Last Week: Corn hole Board

Last week in Innovation Diploma my group (Brady, Kiki, and Nolan) and I were assigned the corn hole board. At first, Mr. Edwards had to show us where everything is, how to use the tools, and what safety percussions to take in the Agency Workshop. We started with the base and used a miter saw to cut the best measurements. We continued to work on the base and top for the next couple days. I think we were taking our time in the beginning so we had to work quicker towards the end. Nolan and Brady worked on the stand and hole, while Kiki and I worked on the design on the corn hole. I think that Kiki and I hit a roadblock with coming up with the idea. Most designs were either too difficult to work on with the time that we had, or too simple. We tried to sketch a couple of drawing like a tiki statue and a underwater themed drawing, but those didn’t work well. We finally came up with a bee hive pattern, since the space we were working in was called the hive. We used vinyl stickers to stick on the board as stencils with the outlines of hexagons.  We had to change some things like the thickness and size but at the end we got them printed. Once the corn hole was completely built, we painted it green. Next we had to paste the hexagon stencil, but there wasn’t enough transfer paper (paper that sticks on to the design that is made and then pasted on where is wanted) so Nolan, Kiki, and I went to the lower school to get some. We pasted the stencil, painted black on top of it, and then ripped the stencil out.

Here is how it turned out:

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We hit some roadblocks, but we worked together as a team and finished in time.

 

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Experience with the D school at Stanford: Reflection

Over interim break, most of the Innovation Diploma cohort traveled to San Fransisco and Palo Alto in California. There were many factors that changed how I thought about different things. There was one highlight that stood out to me the most where I completely changed what I thought about my fellow friends and classmates.  Ashante, a very nice man that helped the process of the day on Friday, came and talked to us. At first I had no idea what was going on. He was introducing himself as he passed papers and friends passed the writing tools. He asked us to write three things that other people viewed us. I wrote international, and somethings else I can’t remember. Then, on the back, he asked us to write 3 things that we usually don’t talk about, emotions or anything that came to mind. I have to admit, the mood in the room was a little tense. The mood quickly changed though when he told us to crumple the paper up, close our eyes, and on his call to open our eyes and have a snowball fight with these papers. It lasted for only 45 seconds until he told us to pick up a “snow ball” and sit back down.

Ashante told us about the kids that he helps every week and how they need someone to talk to about what they really feel and not about what they are on the surface. He told us to open the paper up and look at the back of the page, where the real feelings were written. We went around in a circle and each read one word that was written. I don’t know what’s worse: the fact that everyone’s paper had something negative, or the fact that I know who’s the paper that I read was. This is the moment where the entire room fell silent and the mood was just really sad.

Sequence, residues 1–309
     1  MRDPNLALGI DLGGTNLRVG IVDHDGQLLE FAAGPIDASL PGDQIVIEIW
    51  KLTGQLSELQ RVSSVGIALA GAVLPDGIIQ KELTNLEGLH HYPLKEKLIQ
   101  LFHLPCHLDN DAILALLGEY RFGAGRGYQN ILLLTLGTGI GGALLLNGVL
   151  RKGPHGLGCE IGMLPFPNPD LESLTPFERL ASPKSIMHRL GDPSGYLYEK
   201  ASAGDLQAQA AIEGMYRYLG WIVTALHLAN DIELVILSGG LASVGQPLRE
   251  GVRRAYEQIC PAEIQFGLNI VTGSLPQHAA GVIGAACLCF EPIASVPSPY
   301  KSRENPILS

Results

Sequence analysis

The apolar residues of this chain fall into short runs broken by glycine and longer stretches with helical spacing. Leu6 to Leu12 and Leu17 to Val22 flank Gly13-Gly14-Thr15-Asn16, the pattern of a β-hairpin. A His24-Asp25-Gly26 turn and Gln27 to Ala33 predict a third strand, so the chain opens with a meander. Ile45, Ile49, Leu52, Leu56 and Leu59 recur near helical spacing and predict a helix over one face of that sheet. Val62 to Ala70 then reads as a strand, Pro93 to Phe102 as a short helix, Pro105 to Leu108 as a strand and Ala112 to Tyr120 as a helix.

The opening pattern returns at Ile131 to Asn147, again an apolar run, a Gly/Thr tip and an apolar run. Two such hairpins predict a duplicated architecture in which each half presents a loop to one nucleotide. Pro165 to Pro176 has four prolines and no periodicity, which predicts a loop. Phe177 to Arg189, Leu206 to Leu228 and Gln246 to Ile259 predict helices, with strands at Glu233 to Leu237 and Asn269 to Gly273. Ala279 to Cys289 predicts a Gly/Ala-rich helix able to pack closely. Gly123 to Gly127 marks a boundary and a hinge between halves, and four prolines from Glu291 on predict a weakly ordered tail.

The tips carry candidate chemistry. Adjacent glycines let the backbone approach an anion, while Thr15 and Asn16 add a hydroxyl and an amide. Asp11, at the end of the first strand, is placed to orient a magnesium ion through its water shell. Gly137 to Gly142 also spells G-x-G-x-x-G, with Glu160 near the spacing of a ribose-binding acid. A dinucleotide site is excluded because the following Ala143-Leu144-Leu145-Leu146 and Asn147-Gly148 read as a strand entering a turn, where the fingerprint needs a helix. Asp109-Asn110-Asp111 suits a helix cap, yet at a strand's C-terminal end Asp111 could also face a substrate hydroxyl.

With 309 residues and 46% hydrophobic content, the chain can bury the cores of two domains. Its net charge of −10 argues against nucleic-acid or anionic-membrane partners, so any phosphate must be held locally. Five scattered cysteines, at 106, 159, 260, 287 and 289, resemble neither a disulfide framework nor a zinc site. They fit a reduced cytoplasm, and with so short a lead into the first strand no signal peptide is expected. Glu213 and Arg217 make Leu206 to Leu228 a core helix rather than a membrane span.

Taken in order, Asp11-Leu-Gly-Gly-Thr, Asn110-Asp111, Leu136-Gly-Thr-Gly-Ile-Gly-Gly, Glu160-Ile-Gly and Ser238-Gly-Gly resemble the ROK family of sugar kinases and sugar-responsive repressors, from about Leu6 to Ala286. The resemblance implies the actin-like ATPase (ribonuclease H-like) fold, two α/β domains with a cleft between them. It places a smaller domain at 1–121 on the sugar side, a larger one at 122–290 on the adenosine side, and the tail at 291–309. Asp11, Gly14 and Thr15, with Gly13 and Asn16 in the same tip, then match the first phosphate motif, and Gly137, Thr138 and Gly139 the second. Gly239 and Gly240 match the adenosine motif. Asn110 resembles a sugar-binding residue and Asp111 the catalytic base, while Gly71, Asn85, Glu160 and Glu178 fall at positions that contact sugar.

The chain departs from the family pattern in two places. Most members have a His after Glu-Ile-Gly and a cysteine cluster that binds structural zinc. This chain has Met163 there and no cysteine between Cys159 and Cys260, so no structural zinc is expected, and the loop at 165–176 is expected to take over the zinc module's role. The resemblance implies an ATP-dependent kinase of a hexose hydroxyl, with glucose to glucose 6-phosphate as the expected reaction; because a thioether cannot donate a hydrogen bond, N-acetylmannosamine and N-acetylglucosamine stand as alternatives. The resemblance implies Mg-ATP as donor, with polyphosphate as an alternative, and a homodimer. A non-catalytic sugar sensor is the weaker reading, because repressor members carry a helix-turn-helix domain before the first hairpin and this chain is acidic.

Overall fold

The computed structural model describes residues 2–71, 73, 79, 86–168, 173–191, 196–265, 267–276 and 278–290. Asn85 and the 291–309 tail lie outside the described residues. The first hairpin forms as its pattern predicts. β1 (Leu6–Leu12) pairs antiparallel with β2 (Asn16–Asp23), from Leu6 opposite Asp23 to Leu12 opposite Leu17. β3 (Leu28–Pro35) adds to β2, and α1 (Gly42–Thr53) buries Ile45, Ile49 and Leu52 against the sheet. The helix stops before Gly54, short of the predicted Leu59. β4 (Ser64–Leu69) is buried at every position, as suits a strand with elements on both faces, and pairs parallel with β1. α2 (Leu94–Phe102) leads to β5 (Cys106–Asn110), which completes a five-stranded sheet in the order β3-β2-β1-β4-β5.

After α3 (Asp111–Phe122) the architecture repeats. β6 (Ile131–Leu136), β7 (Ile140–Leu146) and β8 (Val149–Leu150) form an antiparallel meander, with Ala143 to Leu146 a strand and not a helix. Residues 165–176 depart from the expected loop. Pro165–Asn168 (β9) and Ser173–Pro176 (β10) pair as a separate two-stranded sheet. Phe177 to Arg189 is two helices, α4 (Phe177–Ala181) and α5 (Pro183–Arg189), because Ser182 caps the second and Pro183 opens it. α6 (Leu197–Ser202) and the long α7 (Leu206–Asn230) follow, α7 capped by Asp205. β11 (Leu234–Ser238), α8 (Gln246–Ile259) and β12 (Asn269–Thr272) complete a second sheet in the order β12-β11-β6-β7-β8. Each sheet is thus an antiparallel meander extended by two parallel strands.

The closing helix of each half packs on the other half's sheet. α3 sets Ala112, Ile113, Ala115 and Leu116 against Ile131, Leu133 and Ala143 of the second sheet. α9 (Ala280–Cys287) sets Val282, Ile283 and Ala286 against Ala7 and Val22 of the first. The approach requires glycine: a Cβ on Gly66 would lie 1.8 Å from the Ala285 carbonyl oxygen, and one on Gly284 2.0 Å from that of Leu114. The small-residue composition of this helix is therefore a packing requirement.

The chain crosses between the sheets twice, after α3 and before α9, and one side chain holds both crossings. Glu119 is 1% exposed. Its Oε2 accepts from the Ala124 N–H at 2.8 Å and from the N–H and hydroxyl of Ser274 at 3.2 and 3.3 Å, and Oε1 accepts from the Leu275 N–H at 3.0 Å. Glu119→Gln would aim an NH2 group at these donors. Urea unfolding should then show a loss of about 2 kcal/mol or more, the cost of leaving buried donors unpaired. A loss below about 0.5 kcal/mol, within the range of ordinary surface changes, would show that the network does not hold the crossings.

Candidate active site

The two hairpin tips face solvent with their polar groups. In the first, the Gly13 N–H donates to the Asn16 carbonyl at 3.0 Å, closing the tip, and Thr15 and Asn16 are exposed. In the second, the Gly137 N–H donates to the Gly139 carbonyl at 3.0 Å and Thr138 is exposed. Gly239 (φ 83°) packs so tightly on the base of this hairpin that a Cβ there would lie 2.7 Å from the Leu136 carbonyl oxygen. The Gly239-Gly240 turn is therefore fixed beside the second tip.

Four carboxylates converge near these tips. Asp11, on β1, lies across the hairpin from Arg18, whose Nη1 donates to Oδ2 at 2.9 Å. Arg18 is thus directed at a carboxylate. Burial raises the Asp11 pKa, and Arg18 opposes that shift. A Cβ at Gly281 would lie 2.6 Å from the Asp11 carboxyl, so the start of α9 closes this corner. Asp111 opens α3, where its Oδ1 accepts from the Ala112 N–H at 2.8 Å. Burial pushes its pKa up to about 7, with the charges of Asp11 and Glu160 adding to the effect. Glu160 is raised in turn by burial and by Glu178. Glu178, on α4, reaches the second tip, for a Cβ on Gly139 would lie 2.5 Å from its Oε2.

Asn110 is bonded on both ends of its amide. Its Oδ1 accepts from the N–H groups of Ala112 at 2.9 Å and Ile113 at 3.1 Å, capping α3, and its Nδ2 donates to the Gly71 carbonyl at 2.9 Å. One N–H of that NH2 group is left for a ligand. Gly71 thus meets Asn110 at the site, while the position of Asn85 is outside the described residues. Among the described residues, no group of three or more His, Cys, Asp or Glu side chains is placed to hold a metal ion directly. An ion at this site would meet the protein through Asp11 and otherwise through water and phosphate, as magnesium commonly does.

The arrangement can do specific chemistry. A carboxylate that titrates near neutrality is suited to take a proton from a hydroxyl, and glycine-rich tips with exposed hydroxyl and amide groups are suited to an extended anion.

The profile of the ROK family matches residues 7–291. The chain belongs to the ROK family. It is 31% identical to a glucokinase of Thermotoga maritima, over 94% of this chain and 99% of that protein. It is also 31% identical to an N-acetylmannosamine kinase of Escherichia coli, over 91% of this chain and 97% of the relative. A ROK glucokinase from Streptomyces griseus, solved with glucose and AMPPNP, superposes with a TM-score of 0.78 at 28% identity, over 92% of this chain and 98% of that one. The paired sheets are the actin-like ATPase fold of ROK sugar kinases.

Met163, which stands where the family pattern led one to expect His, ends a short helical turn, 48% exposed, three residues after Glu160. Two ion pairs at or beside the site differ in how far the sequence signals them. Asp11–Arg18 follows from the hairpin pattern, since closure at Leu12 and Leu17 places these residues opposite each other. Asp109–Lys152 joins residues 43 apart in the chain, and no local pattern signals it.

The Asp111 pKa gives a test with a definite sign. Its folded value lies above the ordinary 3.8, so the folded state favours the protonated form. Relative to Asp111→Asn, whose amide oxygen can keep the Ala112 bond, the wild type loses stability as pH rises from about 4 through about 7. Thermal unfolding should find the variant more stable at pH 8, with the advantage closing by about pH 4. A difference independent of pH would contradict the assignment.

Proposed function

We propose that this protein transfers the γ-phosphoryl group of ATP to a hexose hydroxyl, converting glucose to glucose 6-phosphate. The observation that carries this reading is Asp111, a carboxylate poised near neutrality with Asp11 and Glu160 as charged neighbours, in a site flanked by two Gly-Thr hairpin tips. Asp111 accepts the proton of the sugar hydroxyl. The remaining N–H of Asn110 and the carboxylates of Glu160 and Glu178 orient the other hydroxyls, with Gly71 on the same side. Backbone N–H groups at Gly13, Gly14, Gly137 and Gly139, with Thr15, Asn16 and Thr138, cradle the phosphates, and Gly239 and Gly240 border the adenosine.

I didn’t really think before about what people really felt and what they showed on the surface.

Eyris: Design Brief Project #2

These past weeks my group (Nina, Maya, Robyn, Anna Kate) and me were assigned to create a display that shows everyone in the cohort’s strengths. We used the tests from StrengthsFinder as our data to put in our project.

Strengths Finder is a survey that a person takes; it shows the top five strengths of that person has. It is very accurate (it is actually kind of creepy). For example, my top strengths were: Relator, Positivity, Discipline, Individualization, and Restorative. At first I looked at the literal definition of each word and I thought to myself “that’s not how I am…”. But then I looked at the deeper meanings that the website gives and then it got deeper into specific areas.

Our team and I wanted something interactive and interesting to look at for people to look at strengths in our Innovation Diploma Cohort. Since each person is unique we thought to use something that would display that element; Eyes. Robyn drew a sketch of an eye and we all decided to use everyone irises (the color of the eye) and place it in the drawing so that it can have some form of organization and connectiveness. Every person in the cohort is different in some way, but we all bring our strengths to work together as a team.

The team was divided up:

  • Maya- coder
  • Nina- manager
  • Robyn- artist
  • Melina- Photographer
  • Anna Kate- Editer
  • Kiki- display and co manager

This was just the start, just a simple idea. This is the drawing:

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The next day, we brainstormed some ideas for what the display would look like; Would the display be physical or would it be displayed on an electronic?

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We came up with:

  • We would divide all the 36 strengths into 4 groups: Relationship Building, Influencing, Executing, and Strategic Thinking.
  • We placed each person in the group their strengths were mostly in.
  • We decided that the display would not be physical, but would be projected.

There were a few bumps in the way but we ended up making a intriguing display.

Here were the steps:

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Taking pictures of everyone’s eyes in Innovation Diploma

Maya worked on the coding, Anna Kate and I worked on editing the eyes into the drawing, and Kiki and Robyn worked on the physical interactive display.

This is the finished display